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Random Processes Through Linear Systems

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Continuous  ::  Discrete  ::  White Noise

Continuous time systems

Recall: A signal $X_t$ through a linear system produces an output

\begin{displaymath}Y_t =\int_{-\infty}^\infty h(t,s) X_s ds.
\end{displaymath}

  • The system is causal if $h(t,s) = 0$ for $t < s$ . In this case,

    \begin{displaymath}Y_t = \int_{-\infty}^t h(t,s) X_s ds.
\end{displaymath}

  • The system is time invariant if $h(t,s) = h(t-s,0) \defeq
h(t-s)$ for all $t$ and $s$ . In this case, $Y_t$ is obtained by convolution:

    \begin{displaymath}Y_t = \int_{\infty}^t h(t-s) X_sds = h*X.
\end{displaymath}

    In this case, we can do analysis using Fourier transforms:

    \begin{displaymath}Y(\omega) = H(\omega) X(\omega)
\end{displaymath}

Suppose the input function is a random process instead of a deterministic signal. How can we characterize the output function?

Let

\begin{displaymath}Y_t = \int_{-\infty}^\infty h(t,s) X_s ds
\end{displaymath}

The integral is to be interpreted in in the mean-square sense. Properties:
  • $\int_{-\infty}^\infty h(t,s)X_s ds$ exists $\Leftrightarrow
\int_{-\infty}^\infty \int_{-\infty}^\infty h(t,s)h(t,q)
R_X(s,q) dsdq < \infty$ .

  • $\mu_Y(t) = \int_{-\infty}^\infty h(t,\tau) \mu_X(\tau)d\tau$ . That is, the mean of the output is the response of the mean of the input:

    \begin{displaymath}E[Y_t] = E\left[\int_{-\infty}^\infty h(t,\tau) X_\tau d1t\right]
= \int_{-\infty}^\infty h(t,\tau) E[X_t] d\tau
\end{displaymath}

  • $R_{XY}(t,s) = E[Y_tX_s] = \int_{-\infty}^\infty h(t,\tau)
R_X(\tau,s)\,d\tau$ . That is, the correlation between the input and the output is the response to the autocorrelation with respect to the 1st input.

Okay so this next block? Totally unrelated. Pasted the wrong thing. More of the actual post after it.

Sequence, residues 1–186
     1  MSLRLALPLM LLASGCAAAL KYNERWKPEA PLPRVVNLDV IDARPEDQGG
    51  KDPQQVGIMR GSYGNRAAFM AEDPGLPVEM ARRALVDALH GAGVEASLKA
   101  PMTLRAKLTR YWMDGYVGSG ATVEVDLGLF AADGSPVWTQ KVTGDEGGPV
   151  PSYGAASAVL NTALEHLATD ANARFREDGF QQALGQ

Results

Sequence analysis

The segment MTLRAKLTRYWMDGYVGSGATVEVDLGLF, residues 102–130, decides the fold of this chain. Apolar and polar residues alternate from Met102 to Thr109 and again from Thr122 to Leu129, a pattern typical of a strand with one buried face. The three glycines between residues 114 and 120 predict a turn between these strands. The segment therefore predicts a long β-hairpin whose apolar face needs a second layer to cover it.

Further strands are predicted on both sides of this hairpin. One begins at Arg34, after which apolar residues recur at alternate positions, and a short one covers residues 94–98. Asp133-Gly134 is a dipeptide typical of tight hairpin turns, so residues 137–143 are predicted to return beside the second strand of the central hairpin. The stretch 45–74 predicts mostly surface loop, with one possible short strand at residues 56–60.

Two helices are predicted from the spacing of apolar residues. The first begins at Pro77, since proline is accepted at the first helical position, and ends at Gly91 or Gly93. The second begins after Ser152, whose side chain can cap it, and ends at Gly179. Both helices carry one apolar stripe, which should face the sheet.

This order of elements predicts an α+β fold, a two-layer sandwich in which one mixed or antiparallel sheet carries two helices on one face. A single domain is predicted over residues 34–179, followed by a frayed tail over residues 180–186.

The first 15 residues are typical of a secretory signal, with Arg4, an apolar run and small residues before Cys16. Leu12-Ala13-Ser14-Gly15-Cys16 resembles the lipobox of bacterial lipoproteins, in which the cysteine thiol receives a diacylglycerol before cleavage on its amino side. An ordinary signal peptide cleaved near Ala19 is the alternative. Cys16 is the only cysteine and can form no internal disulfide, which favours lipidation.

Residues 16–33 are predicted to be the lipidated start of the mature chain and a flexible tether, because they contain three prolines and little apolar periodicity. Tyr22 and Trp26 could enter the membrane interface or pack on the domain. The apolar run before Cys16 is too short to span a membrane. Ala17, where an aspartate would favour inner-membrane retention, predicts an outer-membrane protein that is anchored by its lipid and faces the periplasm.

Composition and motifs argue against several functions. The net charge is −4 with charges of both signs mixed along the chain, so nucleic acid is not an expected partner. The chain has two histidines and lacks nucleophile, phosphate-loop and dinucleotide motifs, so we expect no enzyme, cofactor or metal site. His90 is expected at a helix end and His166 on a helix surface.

• $R_Y(t,s) = E[Y_t Y_s] = \int_{-\infty}^\infty
\int_{-\infty}^\infty h(t,\sigma) R_X(\sigma,\tau)
h(s,\tau) d\sigma d\tau$ .
  • If $\{X_t,t\in\Rbb\}$ is W.S.S. and $h$ is tine-invariant. Then $\{Y_t\}$ is also W.S.S., and $\{X_t\}$ and $\{Y_t\}$ are jointly W.S.S. and the following hold:
    1. $\mu_y = \mu_x \int_{-\infty}^\infty h(t) dt$
    2. $R_{YX}(\tau) = \int_{-\infty}^\infty
h(\tau-\sigma)R_X(\sigma)\,d\sigma = (h*R_X)(\tau)$ .
    3. $R_Y(\tau) = \int_{-\infty}^\infty
h(\sigma-\tau)R_{YX}(\sigma)d\sigma = (\hhat*R_{YX})(\tau) = (\hhat
* H * R_X)(\tau)$ , where $\hhat(t) = h(-t)$ .
    4. $S_{YX}(\omega) = H(\omega) S_X(\omega)$
    5. $S_Y(\omega) = H^*(\omega)H(\omega)S_X(\omega) = \vert H(\omega)\vert^2
S_X(\omega)$ . The quantity $\vert H(\omega)\vert^2$ is sometimes called the power transfer function.

\begin{example}
Suppose we have an RC circuit (C in parallel). Then
\begin{disp...
...au\vert} - e^{-\beta
\vert\tau\vert}
\right)
\end{displaymath}\par\end{example}
Copyright 2008, Todd Moon. Cite/attribute Resource . admin. (2006, June 07). Random Processes Through Linear Systems. Retrieved January 07, 2011, from Free Online Course Materials — USU OpenCourseWare Web site: http://ocw.usu.edu/Electrical_and_Computer_Engineering/Stochastic_Processes/lecture8_1.htm. This work is licensed under a Creative Commons License Creative Commons License